“A new beginning”. Those are first three words that greet you when you open the case of Jeremy Enigk’s latest release, World Waits. Certainly, there’s never been an indie rocker whose appearance and disappearance from the scene inspired as much scrutiny as Enigk. His first vanishing act came shortly after the release of the critically lauded and now landmark self-title sophomore album by emo-rock pioneers Sunny Day Real Estate. After a conversion to Christianity, Enigk reappeared with a new solo album, Return Of The Frog Queen. Sunny Day Real Estate reformed a couple of years later, releasing two more studio albums. How It Feels To Be Something On was released on Sub Pop, while The Rising Tide was handled by the now defunct Time Bomb. Once again, the band disbanded in face of money woes from their label, this time on the eve of a European tour. Again they reformed a couple of years later, this time under the moniker The Fire Theft. That self-titled release found the group on yet another label, this time with Rykodisc, while the band’s more prog-fuelled sound dismayed some listeners. And of course, we can’t forget Enigk’s contributions to the hyped but ultimately underperforming soundtrack to the indie film The United States Of Leland.
Faith, business relations, and just plain old bad luck have plagued Enigk, but where most songwriters would simply just stop, he has continued on. Perhaps buoyed by the overwhelming reception and interest in whatever his latest project is, Enigk has had a startling track record, a songwriter with album after album of strong and often stunning material. Unfairly slapped with the now derogatory emo tag, it was Sunny Day Real Estate’s overwhelming passion that awoke a cynical indie scene. While many bands have come along and watered down their sound to a depressing formula, going back and listening to Sunny Day Real Estate albums is a reminder that evocative and intelligent alternative rock is not an oxymoron.
“A New Beginning” is also the name of the opening minute-and-a-half statement of World Waits. Easily Enigk’s biggest sounding solo effort to date, the track introduces the album with sweeping strings, church bells and soaring vocals. The first proper song, the cheekily titled “Been Here Before”, will be a relief to Enigk fans who worried with The Rising Tide that he might once again tweak his already successful formula. World Waits is a wonderful return to the passionate, full-bodied songwriting at which Enigk excels. To be sure there are subtle differences. “Been Here Before” stops midway for a brief bridge provided by church organ, before leading into its awe-inspiring, triumphant chorus. He is also joined by a formidable cast of supporting players including backing vocalists, string and horn players and a handful of drummers—yet with all these tools at his disposal, Enigk’s songs stay remarkable focused, and undeniably powerful.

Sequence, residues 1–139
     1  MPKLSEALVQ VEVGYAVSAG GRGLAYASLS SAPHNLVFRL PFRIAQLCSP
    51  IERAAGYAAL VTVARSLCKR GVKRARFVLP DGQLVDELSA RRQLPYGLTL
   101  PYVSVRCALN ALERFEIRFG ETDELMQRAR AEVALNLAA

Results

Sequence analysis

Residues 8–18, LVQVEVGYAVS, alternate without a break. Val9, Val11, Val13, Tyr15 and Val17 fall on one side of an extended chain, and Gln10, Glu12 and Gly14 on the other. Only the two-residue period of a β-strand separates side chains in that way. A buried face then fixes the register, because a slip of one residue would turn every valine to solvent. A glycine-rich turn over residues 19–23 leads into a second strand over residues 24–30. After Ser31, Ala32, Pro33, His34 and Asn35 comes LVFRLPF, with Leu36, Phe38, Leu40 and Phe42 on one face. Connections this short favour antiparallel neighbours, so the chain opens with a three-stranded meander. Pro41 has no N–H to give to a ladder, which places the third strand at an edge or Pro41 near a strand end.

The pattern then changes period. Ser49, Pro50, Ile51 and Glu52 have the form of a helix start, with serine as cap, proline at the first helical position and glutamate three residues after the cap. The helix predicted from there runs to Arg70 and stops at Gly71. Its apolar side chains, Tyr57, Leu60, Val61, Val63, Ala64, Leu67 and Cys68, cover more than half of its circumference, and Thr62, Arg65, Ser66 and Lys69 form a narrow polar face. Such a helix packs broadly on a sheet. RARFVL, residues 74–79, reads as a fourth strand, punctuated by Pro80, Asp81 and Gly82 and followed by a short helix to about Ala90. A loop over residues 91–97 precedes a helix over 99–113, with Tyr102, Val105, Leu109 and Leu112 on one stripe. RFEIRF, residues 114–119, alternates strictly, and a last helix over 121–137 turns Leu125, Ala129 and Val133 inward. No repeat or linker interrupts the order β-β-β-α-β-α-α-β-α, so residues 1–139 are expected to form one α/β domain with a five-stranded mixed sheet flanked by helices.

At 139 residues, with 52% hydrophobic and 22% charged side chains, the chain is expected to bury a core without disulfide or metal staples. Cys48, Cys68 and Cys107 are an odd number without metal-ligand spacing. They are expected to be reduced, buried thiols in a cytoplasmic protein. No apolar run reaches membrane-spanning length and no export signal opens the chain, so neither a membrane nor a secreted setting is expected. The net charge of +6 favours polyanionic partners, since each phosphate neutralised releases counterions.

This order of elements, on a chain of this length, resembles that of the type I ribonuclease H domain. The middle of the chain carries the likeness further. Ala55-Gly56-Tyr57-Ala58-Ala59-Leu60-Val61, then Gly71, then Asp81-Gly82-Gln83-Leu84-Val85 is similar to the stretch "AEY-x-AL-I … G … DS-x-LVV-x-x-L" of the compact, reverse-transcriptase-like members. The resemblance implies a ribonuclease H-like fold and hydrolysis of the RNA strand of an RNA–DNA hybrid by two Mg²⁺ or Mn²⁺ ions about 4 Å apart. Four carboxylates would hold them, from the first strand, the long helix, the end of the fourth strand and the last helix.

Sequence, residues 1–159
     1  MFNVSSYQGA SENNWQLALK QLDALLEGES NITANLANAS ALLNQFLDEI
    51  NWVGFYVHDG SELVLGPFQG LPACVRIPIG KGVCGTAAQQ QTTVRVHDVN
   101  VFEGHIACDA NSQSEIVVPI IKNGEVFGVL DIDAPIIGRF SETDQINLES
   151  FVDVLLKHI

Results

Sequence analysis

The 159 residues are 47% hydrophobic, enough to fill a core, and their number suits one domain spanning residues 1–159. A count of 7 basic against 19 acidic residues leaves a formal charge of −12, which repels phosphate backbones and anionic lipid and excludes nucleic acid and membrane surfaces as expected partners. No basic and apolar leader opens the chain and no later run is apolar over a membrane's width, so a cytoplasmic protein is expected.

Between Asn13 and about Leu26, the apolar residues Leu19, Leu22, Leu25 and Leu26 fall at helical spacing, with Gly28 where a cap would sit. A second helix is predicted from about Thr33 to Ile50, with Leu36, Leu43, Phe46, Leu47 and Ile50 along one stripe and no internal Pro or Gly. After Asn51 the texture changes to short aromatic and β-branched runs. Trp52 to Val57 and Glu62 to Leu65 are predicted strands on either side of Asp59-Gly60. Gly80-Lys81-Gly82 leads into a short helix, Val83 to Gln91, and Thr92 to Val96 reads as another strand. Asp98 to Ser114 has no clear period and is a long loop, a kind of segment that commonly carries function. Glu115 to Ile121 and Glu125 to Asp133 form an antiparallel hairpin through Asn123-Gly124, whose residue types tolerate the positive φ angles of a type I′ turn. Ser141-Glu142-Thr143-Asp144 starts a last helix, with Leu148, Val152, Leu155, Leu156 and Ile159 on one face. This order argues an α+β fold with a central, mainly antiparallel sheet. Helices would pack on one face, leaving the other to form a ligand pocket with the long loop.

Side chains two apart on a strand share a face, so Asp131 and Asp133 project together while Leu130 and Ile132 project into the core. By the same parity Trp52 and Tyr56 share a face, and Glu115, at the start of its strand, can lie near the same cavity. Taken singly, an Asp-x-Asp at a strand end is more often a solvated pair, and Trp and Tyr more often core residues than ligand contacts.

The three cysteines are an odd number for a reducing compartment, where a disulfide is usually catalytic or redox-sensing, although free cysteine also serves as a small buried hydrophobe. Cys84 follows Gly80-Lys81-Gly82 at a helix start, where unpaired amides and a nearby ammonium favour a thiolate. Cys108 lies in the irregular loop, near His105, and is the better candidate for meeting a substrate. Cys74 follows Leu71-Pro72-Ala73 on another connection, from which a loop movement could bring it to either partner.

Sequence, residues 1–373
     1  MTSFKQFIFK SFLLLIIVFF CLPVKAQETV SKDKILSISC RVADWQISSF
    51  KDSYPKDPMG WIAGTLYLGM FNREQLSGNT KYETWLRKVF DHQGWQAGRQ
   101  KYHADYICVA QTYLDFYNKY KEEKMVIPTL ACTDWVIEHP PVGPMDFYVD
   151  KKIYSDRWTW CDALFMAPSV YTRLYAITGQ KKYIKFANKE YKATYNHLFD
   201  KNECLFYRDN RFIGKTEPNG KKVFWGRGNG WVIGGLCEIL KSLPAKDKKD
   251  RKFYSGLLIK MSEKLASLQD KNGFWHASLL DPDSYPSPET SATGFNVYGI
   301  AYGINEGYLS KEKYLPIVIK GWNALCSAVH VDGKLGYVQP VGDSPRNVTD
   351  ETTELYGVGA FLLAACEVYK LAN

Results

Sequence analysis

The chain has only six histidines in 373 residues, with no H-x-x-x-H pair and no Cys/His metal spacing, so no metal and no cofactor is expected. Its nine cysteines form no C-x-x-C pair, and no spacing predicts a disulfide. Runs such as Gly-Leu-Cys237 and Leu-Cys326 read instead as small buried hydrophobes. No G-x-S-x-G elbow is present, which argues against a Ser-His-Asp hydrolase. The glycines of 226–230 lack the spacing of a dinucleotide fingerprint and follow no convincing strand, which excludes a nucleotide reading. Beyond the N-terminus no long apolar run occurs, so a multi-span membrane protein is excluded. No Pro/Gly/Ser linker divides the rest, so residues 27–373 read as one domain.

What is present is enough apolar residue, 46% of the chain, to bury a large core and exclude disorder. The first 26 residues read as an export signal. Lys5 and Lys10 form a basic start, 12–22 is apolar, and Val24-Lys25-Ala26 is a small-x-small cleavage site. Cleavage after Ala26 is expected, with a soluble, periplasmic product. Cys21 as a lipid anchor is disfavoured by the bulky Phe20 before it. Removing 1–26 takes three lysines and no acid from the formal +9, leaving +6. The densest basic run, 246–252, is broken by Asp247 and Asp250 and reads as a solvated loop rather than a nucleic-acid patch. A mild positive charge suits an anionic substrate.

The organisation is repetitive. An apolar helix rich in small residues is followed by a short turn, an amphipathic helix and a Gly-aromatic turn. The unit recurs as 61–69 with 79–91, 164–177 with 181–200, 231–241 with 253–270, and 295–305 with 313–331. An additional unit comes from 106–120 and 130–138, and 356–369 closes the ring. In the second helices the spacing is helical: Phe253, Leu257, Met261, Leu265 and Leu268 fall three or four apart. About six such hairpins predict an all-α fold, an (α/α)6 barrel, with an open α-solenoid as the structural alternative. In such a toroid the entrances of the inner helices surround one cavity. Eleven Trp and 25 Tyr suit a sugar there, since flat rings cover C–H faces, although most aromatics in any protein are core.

Economy is the name of the game with World Waits, and for the all the additional instrumentation they are employed with the greatest of care. World Waits creates some startlingly effective moods that allow plenty of elbow room for Enigk’s versatile voice to fill the spaces, as well as for the songs’ careful construction to unfold naturally. Songs like the piano and drum driven “Canons” succeed because the shifting instrumentation which later includes both electric and acoustic guitars isn’t forced, instead building slowly, wonderfully on the track’s foundation. “Damien Dreams” can make the sudden shift from desperation to anger because of this approach, yet still remain balanced by Enigk’s vocal ability to make the emotions palpable.
It’s odd being a Jeremy Enigk fan, simply because you can never be sure when he might reappear next. Hopefully World Waits will garner enough critical and fan reception to keep Enigk in collective acclaim, so that his next move won’t arrive as a surprise. But even if he must face another inglorious fade out, as long as he returns with an album as graceful as World Waits,/i> his forever steadfast legion of fans will have nothing to fear.
// Notes from the Road
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